On Mon, Aug 12, 2019 at 10:20 AM Lennart Poettering
On Mo, 12.08.19 09:40, Chris Murphy (lists(a)colorremedies.com) wrote:
> Right now the only lever to avoid swap, is to not create a swap
> partition at installation time. Or create a smaller one instead of 1:1
> ratio with RAM. Or use a 1/4 RAM sized swap on ZRAM. A consequence of
> each of these alternatives, is hibernation can't be used. Fedora
> already explicitly does not support hibernation, but strictly that
> means we don't block release on hibernation related bugs. Fedora does
> still create a swap that meets the minimum size for hibernation, and
> also inserts the required 'resume' kernel parameter to locate the
> hibernation image at the next boot. So we kinda sorta do support it.
We could add a mode to systemd's hibernation support to only "swapon"
a swap partition immediately before hibernating, and "swapoff" it
right after coming back. This has been proposed before, but noone so
far did the work on it. But quite frankly this feels just like taping
over the fact that the Linux kernel is rubbish when it comes to
I'm skeptical as well. But to further explore this:
1. Does the kernel know better than to write a hibernation image (all
or part) to a /dev/zram device? e.g. a system with: 8GiB RAM, 8GiB
swap on ZRAM, 8GiB swap partition. We can use swap priority to use the
ZRAM device first, and conventional swap partition second. If the
user, today, were to hibernate, what happens?
2. Are you suggesting it would be possible to build support for
multiple swaps and have them dynamically enabled/disabled? e.g. the
same system as above, but the 8GiB swap on disk is actually made
across two partitions. i.e. a 2GiB partition and 6GiB partition.
Normal operation would call for swapon for /dev/zram *and* the small
on-disk swap. Only for hibernation would swapon happen for the larger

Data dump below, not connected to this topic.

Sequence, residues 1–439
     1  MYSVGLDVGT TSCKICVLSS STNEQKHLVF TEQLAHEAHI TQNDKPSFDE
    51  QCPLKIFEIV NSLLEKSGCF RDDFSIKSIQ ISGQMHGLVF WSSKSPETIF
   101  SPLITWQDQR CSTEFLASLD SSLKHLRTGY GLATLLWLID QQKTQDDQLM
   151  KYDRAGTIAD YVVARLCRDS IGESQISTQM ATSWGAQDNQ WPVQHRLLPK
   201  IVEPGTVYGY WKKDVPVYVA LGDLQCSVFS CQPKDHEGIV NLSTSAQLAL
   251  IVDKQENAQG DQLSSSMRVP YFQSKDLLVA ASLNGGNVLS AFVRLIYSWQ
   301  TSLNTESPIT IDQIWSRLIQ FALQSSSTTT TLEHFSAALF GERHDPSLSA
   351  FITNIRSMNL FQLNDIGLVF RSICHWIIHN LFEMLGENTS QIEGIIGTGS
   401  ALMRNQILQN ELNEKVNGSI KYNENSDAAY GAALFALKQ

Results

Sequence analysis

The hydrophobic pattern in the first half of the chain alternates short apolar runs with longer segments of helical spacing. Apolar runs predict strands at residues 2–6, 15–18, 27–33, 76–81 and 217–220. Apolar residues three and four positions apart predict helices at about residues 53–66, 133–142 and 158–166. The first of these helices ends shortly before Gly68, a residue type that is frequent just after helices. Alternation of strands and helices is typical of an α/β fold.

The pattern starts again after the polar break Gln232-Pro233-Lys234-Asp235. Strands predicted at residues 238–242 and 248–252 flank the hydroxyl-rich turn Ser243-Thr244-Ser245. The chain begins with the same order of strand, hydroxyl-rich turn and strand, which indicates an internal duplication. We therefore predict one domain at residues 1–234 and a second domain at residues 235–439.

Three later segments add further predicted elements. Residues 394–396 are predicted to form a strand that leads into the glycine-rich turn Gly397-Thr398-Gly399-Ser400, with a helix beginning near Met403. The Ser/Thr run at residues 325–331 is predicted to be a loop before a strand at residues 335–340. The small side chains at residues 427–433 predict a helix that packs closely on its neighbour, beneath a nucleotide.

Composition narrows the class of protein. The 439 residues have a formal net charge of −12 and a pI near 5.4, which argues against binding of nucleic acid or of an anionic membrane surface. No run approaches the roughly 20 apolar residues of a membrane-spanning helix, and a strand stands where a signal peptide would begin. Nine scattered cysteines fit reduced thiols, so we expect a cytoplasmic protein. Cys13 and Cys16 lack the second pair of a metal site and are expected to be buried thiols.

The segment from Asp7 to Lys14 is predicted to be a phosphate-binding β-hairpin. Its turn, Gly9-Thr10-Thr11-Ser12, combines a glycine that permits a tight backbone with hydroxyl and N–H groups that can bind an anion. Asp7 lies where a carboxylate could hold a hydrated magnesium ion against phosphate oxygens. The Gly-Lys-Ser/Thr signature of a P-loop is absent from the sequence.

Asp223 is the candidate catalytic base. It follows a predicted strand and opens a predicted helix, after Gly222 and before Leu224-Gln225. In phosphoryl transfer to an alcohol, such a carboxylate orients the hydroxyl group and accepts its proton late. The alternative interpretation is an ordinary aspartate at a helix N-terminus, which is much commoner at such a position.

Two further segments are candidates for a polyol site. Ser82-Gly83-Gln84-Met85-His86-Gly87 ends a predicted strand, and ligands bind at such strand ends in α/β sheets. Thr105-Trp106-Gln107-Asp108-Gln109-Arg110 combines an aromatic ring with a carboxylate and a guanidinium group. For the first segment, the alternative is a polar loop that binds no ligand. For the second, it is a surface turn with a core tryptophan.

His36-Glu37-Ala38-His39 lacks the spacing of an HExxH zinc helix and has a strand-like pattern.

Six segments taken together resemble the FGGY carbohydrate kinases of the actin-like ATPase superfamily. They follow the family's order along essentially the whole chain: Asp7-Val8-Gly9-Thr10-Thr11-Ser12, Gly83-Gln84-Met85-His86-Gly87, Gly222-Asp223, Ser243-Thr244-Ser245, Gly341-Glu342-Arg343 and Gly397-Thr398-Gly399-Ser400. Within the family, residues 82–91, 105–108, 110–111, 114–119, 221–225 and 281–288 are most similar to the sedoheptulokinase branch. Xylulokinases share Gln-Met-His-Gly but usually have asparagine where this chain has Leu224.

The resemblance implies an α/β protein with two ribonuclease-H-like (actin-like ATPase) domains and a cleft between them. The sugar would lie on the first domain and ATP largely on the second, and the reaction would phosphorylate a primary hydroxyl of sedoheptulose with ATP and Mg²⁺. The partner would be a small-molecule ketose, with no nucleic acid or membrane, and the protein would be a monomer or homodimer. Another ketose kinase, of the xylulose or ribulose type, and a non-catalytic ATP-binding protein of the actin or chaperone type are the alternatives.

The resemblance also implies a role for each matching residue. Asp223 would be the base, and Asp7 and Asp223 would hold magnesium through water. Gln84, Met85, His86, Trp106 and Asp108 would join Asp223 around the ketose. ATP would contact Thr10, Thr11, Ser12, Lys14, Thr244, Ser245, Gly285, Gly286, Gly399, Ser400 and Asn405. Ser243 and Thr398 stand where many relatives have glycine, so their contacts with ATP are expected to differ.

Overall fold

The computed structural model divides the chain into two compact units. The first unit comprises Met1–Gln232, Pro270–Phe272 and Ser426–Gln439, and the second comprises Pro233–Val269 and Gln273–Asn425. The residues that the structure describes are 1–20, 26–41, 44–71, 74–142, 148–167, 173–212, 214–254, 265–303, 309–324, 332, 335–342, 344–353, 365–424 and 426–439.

on-disk swap partition (the 2GiB one always stays on).
That's... interesting. It sounds potentially complicated. I can't
estimate if it could be fragile.
Let's consider something else: Hibernation is subject to kernel
lockdown policy on UEFI Secure Boot enabled computers. What percentage
of Fedora users these days are likely subject to this lockdown? Are we
able to effectively support hibernation? On the one hand, Fedora does
not block on hibernation bugs (kernel or firmware), thus not
supported. But tacitly hibernation is supported because a bunch of
users pushed an effort with Anaconda folks to make sure the swap
device is set with "resume=" boot parameter with out of the box
Another complicating issue: the Workstation working group has an issue
to explore better protecting user data by encrypting /home by default.
Of course, user data absolutely can and does leak into swap. Therefore
I think we're obligated to consider encrypting swap too. And if swap
is encrypted, how does resume from hibernation work? I guess
kernel+initramfs load, and plymouth asks for passphrase which unlocks
encrypted swap, and the kernel knows to resume from that device-mapper
I'm really skeptical of pissing off users who want hibernation to
work. But I'm also very skeptical of compromising other priorities,
and diverting resources, just for hibernation.
If you wait long enough between replies, I will find another log to
throw on this fire, somewhere. :-D